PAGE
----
Coal-to-liquid fuels are feasible to use when petroleum costs $40 a barrel or more, Boucher said. He added he would like to set a price floor on petroleum to ensure more people would use coal-to-liquid fuels. Many countries we buy petroleum from are the most politically unstable, he said. As a result, we have our hands tied in regions where we shouldn't even be involved, he said.
A price floor. What that means is Boucher doesn't ever want that gallon of gasoline you pay for to get too cheap. What's with that? And, if he's willing to set prices on gasoline at the pump, is he willing to set prices on milk? Aspirin? Diapers? PlayStation3's? Water? Didn't Richard Nixon try this only to manage to completely screw up the economy?

● Diesel. Boucher also plans to promote greater use of diesel fuel ...
Don't ask me. I can only guess he drives an Audi diesel around his upscale neighborhood in Washington D.C. and wants easier access to his favorite fuel for himself and his tea-sipping pals.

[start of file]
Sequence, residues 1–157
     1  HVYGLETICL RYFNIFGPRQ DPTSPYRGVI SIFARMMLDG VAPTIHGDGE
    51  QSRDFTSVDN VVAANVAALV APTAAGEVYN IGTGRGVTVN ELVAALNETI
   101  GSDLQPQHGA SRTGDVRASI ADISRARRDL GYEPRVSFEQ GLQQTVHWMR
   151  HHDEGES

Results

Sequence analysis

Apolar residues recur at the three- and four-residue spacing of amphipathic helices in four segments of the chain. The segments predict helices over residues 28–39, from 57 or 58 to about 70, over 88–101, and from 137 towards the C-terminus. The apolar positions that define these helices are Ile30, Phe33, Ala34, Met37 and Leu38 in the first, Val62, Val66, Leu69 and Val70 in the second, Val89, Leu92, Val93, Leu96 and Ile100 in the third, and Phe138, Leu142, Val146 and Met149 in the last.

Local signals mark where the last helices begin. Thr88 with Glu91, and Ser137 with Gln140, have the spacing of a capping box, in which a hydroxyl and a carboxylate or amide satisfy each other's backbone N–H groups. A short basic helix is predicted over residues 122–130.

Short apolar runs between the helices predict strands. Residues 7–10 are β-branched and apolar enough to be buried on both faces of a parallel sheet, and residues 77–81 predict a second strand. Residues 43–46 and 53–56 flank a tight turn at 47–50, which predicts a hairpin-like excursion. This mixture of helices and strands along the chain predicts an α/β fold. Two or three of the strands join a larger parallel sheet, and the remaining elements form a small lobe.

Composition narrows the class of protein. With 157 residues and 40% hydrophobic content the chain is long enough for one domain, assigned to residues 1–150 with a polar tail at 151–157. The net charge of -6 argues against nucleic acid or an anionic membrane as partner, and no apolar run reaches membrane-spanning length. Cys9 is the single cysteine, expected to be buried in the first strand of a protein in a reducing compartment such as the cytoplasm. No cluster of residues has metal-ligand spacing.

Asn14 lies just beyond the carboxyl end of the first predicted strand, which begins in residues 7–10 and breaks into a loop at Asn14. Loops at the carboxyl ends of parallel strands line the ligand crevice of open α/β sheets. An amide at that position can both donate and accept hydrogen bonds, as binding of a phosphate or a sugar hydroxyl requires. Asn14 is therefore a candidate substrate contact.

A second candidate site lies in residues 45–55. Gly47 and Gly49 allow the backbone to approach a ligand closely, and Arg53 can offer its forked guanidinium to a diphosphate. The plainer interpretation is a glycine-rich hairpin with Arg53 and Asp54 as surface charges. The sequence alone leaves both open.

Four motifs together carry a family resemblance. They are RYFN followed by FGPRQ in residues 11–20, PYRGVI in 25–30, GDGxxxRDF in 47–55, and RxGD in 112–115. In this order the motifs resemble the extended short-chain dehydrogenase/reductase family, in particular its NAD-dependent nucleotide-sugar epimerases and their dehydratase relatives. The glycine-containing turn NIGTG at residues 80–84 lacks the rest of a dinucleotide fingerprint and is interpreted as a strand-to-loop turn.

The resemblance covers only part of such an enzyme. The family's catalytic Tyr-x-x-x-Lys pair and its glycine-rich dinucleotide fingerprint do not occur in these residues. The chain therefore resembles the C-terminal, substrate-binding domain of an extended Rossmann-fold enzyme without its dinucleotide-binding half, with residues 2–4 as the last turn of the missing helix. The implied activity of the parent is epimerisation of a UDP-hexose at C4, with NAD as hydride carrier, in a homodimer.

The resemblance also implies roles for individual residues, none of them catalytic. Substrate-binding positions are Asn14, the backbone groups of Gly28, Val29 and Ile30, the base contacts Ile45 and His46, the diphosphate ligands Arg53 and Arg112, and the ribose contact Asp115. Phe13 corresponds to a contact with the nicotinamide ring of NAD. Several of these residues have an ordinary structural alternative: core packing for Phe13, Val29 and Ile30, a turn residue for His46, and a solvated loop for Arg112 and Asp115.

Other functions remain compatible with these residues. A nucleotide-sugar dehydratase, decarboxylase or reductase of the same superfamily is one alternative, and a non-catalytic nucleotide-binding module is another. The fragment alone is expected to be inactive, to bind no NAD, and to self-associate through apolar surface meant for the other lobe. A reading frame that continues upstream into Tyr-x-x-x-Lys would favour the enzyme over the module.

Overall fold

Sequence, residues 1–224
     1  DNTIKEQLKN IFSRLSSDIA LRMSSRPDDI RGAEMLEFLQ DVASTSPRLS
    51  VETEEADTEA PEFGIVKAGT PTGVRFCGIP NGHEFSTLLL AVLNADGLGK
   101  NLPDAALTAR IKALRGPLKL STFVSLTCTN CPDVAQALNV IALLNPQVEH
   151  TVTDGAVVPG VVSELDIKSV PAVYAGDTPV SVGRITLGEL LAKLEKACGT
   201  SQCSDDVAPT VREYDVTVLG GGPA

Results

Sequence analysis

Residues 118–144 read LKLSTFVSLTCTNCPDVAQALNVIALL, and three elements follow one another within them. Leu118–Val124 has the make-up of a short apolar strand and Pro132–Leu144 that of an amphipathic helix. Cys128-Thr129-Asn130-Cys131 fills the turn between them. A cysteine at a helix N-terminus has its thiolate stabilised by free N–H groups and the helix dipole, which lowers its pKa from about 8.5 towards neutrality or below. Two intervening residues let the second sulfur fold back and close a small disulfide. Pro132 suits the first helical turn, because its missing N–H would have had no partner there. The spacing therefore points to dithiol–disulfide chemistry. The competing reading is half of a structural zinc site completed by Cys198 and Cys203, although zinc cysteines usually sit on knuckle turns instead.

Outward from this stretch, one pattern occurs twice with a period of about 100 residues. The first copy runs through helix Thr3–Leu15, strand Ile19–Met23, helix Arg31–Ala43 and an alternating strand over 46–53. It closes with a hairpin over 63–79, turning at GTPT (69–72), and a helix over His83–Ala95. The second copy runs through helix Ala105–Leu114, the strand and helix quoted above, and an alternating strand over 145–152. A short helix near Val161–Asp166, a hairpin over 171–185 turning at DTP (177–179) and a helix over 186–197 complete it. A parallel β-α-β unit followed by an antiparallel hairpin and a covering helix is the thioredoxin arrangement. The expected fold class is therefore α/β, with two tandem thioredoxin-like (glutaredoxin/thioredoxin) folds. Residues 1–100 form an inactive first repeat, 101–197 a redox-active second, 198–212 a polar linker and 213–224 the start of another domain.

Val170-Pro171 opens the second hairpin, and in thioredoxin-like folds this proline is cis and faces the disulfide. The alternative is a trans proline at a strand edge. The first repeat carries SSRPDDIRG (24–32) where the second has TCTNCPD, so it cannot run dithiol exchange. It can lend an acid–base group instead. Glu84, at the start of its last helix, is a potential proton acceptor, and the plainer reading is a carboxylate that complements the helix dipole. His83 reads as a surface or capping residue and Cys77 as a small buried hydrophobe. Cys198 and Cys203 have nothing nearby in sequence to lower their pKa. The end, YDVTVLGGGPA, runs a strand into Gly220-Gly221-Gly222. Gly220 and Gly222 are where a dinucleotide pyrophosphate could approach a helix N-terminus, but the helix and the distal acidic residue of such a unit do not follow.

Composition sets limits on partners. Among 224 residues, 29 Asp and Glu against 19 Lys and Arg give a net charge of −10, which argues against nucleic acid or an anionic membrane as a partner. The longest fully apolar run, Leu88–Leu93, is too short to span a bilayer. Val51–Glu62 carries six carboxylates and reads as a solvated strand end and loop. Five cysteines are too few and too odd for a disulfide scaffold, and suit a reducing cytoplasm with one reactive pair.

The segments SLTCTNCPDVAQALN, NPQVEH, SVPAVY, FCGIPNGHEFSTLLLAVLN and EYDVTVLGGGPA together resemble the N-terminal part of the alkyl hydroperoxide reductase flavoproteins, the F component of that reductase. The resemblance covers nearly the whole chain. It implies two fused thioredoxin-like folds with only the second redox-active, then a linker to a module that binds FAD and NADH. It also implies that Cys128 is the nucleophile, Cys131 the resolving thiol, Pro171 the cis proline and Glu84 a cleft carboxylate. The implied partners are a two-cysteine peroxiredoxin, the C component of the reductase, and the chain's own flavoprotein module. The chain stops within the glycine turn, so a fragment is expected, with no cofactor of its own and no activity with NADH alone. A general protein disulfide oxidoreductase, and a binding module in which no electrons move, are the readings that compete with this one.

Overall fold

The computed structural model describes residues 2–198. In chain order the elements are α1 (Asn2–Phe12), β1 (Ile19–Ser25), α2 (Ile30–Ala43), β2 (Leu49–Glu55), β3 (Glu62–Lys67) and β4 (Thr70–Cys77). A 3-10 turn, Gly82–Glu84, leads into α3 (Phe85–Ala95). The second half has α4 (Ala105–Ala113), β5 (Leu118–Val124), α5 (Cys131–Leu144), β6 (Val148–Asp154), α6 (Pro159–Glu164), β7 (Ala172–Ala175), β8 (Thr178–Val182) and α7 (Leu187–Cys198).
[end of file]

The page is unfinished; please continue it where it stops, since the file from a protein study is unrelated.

● Higher education. Boucher hopes to make college more affordable. Many students are forced to not finish college because of the high prices, he said, and those who finish often face large amounts of debt. He would like to see Congress make more education grant funds available to reduce the amount of loans that students take, he said.
"He would like to see Congress make more education grant funds available ..." Let's hope he also intends to have his fabulously wealthy friends in Congress pay for them. Is this a typically boneheaded Democratic solution to a problem or what?

Boucher wants to confiscate a portion of your paycheck so as to make it easier for your kid to go to college. How 'bout we keep our money and we send our kids to college without your intereference, Rick? What the hell do we need you for?